Aurora Storm is an 11-minute NASA-funded fulldome show about the captivating northern lights. It was produced by the Geophysical Institute, University of Alaska Fairbanks, and the University of Alaska Museum of the North.
The show teaches about the causes of the aurorae and how humans who live beneath their shimmering light are inspired by what they see. Quotes from the written journals of past Arctic explorers and indigenous people share stories of how they regarded the aurorae. The show's two narrators are Athabascan Alaska natives.
The central section of the show discusses the geophysical effect of living with a star, and what role solar outbursts play in creating the aurorae. We hear from the photographers about how they create the stunning time-lapse imagery as the show concludes.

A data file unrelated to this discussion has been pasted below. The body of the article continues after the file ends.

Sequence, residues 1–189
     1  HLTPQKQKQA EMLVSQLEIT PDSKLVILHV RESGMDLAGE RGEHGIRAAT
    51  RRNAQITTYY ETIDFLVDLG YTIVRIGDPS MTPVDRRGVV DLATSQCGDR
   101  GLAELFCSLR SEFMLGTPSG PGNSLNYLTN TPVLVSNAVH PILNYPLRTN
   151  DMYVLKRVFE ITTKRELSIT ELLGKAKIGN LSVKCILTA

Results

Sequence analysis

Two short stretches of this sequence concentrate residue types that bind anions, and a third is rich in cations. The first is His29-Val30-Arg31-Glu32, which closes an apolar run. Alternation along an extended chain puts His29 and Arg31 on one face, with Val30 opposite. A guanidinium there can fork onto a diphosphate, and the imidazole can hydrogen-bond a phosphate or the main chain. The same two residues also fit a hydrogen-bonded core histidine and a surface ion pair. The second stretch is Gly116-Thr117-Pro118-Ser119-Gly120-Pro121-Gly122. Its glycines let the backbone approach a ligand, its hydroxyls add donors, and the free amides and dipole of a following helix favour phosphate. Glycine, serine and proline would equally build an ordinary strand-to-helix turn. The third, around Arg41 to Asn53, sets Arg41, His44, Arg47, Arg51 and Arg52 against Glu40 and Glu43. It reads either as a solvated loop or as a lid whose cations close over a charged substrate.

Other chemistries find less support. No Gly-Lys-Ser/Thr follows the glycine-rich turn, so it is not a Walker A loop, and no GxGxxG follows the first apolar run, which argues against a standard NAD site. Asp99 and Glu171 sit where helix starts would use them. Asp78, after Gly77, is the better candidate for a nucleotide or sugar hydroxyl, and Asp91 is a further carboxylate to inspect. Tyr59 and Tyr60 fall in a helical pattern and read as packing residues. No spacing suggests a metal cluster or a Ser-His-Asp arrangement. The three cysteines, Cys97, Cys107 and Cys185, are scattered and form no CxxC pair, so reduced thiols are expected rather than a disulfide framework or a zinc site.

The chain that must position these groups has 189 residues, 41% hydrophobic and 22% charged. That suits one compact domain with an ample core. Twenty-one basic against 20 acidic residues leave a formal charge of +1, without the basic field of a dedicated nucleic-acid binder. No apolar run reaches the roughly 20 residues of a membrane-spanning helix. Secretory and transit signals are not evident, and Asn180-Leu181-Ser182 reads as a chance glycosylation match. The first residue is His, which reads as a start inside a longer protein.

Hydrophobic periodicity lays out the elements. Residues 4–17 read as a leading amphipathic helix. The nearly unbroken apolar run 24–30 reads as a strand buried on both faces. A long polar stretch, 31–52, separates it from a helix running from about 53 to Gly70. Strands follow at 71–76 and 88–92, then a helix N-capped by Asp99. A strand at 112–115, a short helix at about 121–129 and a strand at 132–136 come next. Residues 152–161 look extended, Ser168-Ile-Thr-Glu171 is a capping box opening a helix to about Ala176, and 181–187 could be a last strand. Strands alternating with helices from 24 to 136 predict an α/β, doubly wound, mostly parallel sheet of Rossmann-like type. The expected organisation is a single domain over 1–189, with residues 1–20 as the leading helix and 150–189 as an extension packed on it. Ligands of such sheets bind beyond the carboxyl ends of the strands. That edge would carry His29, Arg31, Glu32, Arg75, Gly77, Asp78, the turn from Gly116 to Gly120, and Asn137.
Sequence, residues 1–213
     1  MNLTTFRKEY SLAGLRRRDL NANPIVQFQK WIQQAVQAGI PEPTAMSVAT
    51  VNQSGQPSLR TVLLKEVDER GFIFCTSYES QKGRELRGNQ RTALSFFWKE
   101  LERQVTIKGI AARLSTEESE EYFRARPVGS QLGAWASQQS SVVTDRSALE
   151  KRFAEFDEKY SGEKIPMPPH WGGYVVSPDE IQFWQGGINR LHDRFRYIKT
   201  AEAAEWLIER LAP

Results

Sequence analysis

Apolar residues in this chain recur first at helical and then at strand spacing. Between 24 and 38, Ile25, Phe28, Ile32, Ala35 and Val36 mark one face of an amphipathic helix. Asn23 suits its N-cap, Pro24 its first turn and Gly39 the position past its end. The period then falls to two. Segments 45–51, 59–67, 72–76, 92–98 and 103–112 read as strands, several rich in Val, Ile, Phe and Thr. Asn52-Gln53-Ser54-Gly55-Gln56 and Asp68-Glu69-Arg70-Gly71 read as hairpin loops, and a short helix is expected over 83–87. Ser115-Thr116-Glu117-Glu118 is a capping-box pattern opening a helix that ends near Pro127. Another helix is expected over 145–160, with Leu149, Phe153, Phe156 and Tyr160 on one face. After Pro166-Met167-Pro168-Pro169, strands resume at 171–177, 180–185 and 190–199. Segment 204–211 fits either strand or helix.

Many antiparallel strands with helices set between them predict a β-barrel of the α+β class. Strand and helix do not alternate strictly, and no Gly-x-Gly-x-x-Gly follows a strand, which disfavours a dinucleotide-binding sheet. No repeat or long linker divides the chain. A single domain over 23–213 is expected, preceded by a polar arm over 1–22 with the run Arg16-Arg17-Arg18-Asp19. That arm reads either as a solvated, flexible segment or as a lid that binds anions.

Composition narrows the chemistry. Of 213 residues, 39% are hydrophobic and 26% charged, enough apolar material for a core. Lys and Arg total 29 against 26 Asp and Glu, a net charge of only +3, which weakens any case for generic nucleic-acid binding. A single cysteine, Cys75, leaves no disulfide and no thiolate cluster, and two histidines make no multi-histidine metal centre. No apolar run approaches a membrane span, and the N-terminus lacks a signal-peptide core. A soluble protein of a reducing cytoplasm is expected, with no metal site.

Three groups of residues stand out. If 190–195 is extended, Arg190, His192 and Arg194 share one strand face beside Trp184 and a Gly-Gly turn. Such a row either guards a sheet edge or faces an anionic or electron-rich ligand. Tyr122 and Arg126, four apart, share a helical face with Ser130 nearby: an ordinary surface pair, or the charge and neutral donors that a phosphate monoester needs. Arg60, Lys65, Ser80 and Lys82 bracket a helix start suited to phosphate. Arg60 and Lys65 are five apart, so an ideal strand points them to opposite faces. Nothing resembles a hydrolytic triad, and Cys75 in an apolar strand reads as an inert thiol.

This show melds science and technology with literature and a multicultural look at the aurorae. It teaches geophysics and earth science while giving your audiences a look at the dazzling aurorae through the eyes of scientists, photographers and local inhabitants who share their traditional views of this phenomenon.
Running time: 11:06
Suitable for: General Public
Information about: Geophysics, auroral storms, solar activity, imaging aurorae
Year of production: 2015
Aurora Storm is copyrighted by the University of Alaska Fairbanks, and licensed under a Creative Commons Attribution-NonCommercial-NoDerivs 3.0 Unported License
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